Getting married this year? Then here’s some useful advice on how to make your big day go with a bang…
Remember, no matter what all those wedding and lifestyle magazines would have you believe; this is NOT a competition. Having the grandest venue, or the most expensive dress in the shop does not grant you the wedding of your dreams.
In fact, budget-friendly, DIY weddings, full of everything heart-felt and home-made, are proving time and time again to be a winning formula.
Let go of the ‘wedding blueprint’ and plan a day that is authentically ‘YOU’.
Look around you - are you and your partner really all about fine-wines and fancy-pants dinners, or are you more ‘pint and curry’ types? If you’re the latter, then why not go for a fabulous Indian feast, rather than a 5-course wedding breakfast? Don’t be fooled by thinking you have to do things a certain-way. You don’t.
Remember your family and close friends will all have their own ideas about what you should do too. Filter out the ‘you must’s’ and ‘you can’ts’ that you’re bound to hear around you, and tune-in to ‘we will’ and ‘why nots’. This is your special day.
It is so easy to spend more than you planned for your wedding.
For every decision you make, there will always be a pricier option that is ‘oh so tempting’.
Before long £ signs are haunting you in your sleep, and what should be a day of laughter and joy, becomes tainted by the fear of un-serviced credit card debts and money-worries.
STOP. Take stock, and start shaving some things from you list. Favours on the tables – do you really need them? Fancy bows on the backs of the chairs – are they really necessary?
Focus on what is going to give you, and your loved ones, a brilliant day. Good catering, in a good environment, with good entertainment.
No one will remember the sugared almonds tied up with a ribbon I promise you, but they will remember a relaxed day, full of laughter and fun.
One way to combat pre-wedding stress is to have a plan. As the months start ticking down pull together a ‘to-do’ list, allocate tasks, and keep a track on progress.
There’s no surer way to break out in a sweat than remembering 5 days before the wedding that no-one ordered the flowers, or you didn’t pay the deposit for the band.
Don’t let it become too onerous, and have fun with it, but good planning can make all the difference. After all, the build-up to your big day should be fun too.
Even if you have a wedding planner on board, don’t forget to check in with them at regular intervals, and to be clear on what is, and what isn’t, on their pad. It’s all too easy for things to fall through the gaps, so communicate clearly, and if you aren’t sure, ask.
Whatever your budget you will likely have engaged certain people to provide particular services for you on the day. You may have caterers, a florist, a dress-maker, musicians or children’s entertainers on board.
These people are experts in their field, so let them guide you in these aspects. If you try and micromanage every detail of your wedding, you will be exhausted. And miserable.
If you are a bit of a control freak – and let’s be honest most of us are - then tell them you like to be informed of plans and you wish to have some input, but let them take the lead. If you drive everything you will crash at some point.
Oh, and if you do plan to do everything yourself, then I salute you. But remember; when I said ‘DIY weddings’ were the future, I didn’t mean you had to slog yourself half to death. Play to your strengths, and find people to help where needed. If baking simply isn’t your forte, find a good cake maker rather than creating unnecessary anxiety about it.)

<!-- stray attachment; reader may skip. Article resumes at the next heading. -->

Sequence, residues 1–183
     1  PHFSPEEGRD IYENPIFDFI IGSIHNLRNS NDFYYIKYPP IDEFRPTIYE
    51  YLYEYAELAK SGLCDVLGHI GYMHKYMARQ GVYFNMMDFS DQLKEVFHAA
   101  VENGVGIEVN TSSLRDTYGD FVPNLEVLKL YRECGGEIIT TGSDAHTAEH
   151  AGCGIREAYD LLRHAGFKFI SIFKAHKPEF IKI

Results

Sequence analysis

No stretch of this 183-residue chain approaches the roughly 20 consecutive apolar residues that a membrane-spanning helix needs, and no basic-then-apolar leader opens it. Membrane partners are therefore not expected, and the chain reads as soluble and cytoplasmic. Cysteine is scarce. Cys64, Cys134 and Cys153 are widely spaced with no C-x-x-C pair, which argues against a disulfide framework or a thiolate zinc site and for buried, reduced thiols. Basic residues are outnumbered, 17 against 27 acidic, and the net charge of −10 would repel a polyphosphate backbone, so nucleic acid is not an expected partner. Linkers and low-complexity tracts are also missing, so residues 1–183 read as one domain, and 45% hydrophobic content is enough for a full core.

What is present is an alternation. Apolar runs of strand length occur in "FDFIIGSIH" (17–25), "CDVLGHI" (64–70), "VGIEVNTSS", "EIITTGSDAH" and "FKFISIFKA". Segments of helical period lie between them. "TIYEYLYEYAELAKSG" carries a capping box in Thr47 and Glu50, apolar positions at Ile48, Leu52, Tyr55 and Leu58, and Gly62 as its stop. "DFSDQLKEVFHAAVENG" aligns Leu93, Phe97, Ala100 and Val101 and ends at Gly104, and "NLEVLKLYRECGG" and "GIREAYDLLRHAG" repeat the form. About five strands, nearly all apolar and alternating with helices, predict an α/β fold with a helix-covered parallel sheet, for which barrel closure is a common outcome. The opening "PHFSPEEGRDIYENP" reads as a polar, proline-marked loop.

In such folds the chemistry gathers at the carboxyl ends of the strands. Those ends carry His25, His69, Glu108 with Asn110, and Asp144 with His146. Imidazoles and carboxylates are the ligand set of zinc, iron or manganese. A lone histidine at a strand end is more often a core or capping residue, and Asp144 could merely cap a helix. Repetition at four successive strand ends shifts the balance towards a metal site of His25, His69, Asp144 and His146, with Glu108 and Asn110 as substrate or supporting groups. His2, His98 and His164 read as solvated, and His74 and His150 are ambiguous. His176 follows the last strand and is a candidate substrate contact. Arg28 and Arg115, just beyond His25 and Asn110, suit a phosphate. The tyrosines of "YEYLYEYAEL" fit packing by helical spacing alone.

The wedding ceremony is THE moment, so ensure that sufficient attention is given to it in the run up to your wedding. Don’t get so caught up in what colour the flowers are going to be, or whether 3 or 5 layers of wedding cake is better, that you forget to consider what you want to say to your loved one.
If you’re working with a wedding Celebrant, then they can steer you through the planning of the ceremony, and should be on hand every step of the way. They will be able to support you with writing your vows, selecting suitable readings, involving family and friends, and including symbolic rituals such as a hand-fasting, if that’s something you wish to do.
Take the time to choose a Celebrant that you feel can honour your wishes for the ceremony. Speak to them by phone or meet them in person before you book. They are going to be an integral part of your wedding day, and you need to enjoy one another’s company.
Here for all brides and grooms is one big disclaimer. Despite all your preparation, and all your hard work, not everything will go to plan.
Yes folks, you heard it here first.
You hoped for glorious sunshine, and the rain is beating a path to your door.
The band have broken down en-route and are running late.
The cake got dropped on the way into the venue.
Whatever it is, there will always be something that goes ‘wrong’. But, here’s the thing. These things are often the thing you remember most, and with the most fondness.
Huddling under umbrellas together, or impromptu sing-songs whilst you wait for the musicians can be what MAKES your day, rather than what BREAKS it.
Auntie Sylvia dashing to the local Co-op for 28 boxes of Mr Kipling, will be etched in your memory forever.
And did your guests mind that it was a fondant fancy, rather than a triple-layered chocolate ganache. No. Of course, they didn’t!
The best of advice of all is that the road you travel to your wedding day should be enjoyed.
Getting married is a journey, not a destination.
Hannah is a hopeless romantic, useless cook, and cat fanatic. She loves the outdoors, and is a self-confessed flapjack addict. She’s also spent considerable periods dressed as a rhino for charity!Find Hannah's profile here
22nd May 2020
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